Sirius XM Never Made Sense to Me

Sirius XM, the digital radio co, is trading at $0.20, off its 52 week high of $3.94.  It's 95% down from that peak and about 99.7% down from its all-time high circa 2000.  Still, it's a company with $1b+ revenues, so it's not insignificant.  It's run by Mel Karmazin, who personifies old media to me.

I am not a bit surprised by the state of the company.  I never got satellite radio.  I presumed it's targeted at cars and delivered a constant, high quality signal so it was an improvement over traditional radio, but the high cost of equipment replacement and the high cost of subscription was always a barrier for me to ever become a customer.

Then I realized that the entire venture was dependent on biz dev relationships, which, for me, is the worst kind of competitive advantage for a business.  And in this case, this dependency was with car manufactureres.  The satellite radio companies were trying to get their equipment as standard accessories in cars, turning around and cutting expensive proprietary content deals, to turn and squeeze value out of customers.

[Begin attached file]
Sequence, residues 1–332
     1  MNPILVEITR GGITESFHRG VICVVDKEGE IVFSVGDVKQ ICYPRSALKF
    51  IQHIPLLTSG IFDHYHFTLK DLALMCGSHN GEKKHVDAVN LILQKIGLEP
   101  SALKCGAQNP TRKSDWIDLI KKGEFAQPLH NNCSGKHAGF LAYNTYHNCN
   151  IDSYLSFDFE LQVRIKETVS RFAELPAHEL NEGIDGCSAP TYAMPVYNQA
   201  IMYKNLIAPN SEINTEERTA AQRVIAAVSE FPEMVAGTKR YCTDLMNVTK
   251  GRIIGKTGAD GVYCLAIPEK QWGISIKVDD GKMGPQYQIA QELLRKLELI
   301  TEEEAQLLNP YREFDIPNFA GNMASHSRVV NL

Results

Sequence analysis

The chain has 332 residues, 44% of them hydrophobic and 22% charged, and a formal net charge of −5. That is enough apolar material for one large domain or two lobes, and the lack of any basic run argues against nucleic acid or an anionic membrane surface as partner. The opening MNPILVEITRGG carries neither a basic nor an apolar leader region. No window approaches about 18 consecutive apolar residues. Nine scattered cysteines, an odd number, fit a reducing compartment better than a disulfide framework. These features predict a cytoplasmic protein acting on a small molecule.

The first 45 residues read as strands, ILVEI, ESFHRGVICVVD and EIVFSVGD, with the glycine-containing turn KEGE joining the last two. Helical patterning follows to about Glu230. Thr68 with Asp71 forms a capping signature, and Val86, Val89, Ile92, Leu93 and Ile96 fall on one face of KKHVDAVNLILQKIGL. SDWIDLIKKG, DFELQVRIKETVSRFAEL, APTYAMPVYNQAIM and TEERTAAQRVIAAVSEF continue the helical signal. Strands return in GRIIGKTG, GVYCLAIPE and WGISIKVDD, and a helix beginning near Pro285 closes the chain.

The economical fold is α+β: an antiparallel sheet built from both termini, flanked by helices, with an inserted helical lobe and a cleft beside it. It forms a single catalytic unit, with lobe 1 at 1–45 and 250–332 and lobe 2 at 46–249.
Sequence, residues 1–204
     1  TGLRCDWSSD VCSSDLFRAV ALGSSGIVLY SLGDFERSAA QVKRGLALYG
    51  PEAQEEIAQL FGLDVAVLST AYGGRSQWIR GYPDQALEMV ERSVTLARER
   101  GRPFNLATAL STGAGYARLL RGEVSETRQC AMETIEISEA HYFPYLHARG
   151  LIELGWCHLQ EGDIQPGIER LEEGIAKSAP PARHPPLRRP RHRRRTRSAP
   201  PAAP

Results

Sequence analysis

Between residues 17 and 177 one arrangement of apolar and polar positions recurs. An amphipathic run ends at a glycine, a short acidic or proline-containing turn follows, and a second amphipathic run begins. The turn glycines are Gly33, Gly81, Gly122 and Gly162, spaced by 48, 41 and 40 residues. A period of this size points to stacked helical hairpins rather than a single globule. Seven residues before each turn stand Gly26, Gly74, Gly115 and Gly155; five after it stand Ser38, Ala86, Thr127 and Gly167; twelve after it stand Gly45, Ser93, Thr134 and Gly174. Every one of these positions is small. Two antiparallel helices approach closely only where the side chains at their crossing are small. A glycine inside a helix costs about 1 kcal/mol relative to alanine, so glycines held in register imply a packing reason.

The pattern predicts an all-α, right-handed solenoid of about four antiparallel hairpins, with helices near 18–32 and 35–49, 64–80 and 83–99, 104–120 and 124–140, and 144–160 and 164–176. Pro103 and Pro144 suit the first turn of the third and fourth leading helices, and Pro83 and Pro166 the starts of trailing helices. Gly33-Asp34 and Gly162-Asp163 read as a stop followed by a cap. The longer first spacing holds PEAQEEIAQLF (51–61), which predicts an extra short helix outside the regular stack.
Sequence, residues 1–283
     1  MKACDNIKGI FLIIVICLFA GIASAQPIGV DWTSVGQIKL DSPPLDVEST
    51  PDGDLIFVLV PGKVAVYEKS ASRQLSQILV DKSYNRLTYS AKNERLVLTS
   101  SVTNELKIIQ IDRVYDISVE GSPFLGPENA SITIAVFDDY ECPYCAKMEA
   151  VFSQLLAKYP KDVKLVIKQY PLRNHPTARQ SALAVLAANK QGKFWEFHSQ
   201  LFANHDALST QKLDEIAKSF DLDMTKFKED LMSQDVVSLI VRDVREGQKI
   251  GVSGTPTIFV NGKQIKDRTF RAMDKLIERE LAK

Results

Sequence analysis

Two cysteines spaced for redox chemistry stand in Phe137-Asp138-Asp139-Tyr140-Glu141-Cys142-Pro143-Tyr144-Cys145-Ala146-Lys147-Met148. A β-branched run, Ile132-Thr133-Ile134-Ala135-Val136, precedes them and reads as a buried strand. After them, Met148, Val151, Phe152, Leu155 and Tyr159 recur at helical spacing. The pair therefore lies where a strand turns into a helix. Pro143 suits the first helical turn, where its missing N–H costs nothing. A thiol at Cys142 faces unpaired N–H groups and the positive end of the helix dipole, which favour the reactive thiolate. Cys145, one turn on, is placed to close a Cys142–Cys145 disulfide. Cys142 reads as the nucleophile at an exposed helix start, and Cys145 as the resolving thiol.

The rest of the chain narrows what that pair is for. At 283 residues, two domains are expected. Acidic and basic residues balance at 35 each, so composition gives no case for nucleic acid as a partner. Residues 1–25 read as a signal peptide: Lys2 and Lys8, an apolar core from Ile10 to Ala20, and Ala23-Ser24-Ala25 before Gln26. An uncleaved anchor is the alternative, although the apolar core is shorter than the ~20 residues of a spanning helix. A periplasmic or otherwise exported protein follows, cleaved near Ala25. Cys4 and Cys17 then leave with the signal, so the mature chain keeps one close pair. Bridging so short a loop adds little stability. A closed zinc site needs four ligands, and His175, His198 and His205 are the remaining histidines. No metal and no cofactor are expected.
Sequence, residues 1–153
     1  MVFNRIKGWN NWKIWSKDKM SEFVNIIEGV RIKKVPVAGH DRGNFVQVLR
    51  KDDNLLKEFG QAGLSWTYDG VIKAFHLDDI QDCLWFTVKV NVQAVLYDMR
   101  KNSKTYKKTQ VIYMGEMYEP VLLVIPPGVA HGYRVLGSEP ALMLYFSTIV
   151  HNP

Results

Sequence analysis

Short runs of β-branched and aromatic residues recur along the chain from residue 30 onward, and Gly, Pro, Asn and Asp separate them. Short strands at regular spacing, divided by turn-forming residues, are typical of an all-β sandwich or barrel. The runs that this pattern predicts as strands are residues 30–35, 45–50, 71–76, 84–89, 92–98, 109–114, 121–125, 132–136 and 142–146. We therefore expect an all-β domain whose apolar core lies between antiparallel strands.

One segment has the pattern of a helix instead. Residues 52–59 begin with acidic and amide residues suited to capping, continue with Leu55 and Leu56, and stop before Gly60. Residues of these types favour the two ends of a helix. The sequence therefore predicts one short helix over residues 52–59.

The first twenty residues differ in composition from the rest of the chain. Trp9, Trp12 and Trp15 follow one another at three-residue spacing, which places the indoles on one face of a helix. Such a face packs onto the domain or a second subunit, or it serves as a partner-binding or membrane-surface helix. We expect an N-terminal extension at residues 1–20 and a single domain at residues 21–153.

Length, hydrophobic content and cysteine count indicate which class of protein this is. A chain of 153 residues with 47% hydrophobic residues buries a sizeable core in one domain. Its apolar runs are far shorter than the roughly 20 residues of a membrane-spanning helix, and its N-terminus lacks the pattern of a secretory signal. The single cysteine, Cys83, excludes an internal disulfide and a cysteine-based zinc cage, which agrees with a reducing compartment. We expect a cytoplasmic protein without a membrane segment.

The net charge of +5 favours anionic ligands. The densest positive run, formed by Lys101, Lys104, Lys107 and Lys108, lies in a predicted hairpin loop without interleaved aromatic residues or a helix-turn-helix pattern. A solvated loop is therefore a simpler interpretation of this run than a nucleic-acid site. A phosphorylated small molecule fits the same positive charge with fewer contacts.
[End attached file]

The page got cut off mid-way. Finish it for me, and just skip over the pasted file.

This is so far from value at the edge.  So much of old media still does not get what business they are in.  I see this currently at play in Turkey, where the leading satellite TV provider, Digiturk, is trying to sell me Tivo capabilities for $500 for the box plus an increase in my $70/mo subscription.  Are they nuts?  I got my digital cable plus PVR plus unlimited local and national calls plus broadband in NYC (a very expensive city) in 2005 for less than $100/month.

Old media should look at their strategy, then at Sirius XM, and rethink.  Fast.

One thought on “Sirius XM Never Made Sense to Me

  1. One word: Pandora
    I listen to it everywhere. On my laptop, on my iPhone, at home through my media center.
    The price is right – the service is superb…
    Sirius and XM make sense only for pro truck drivers, etc. on cross country routes…

    Like

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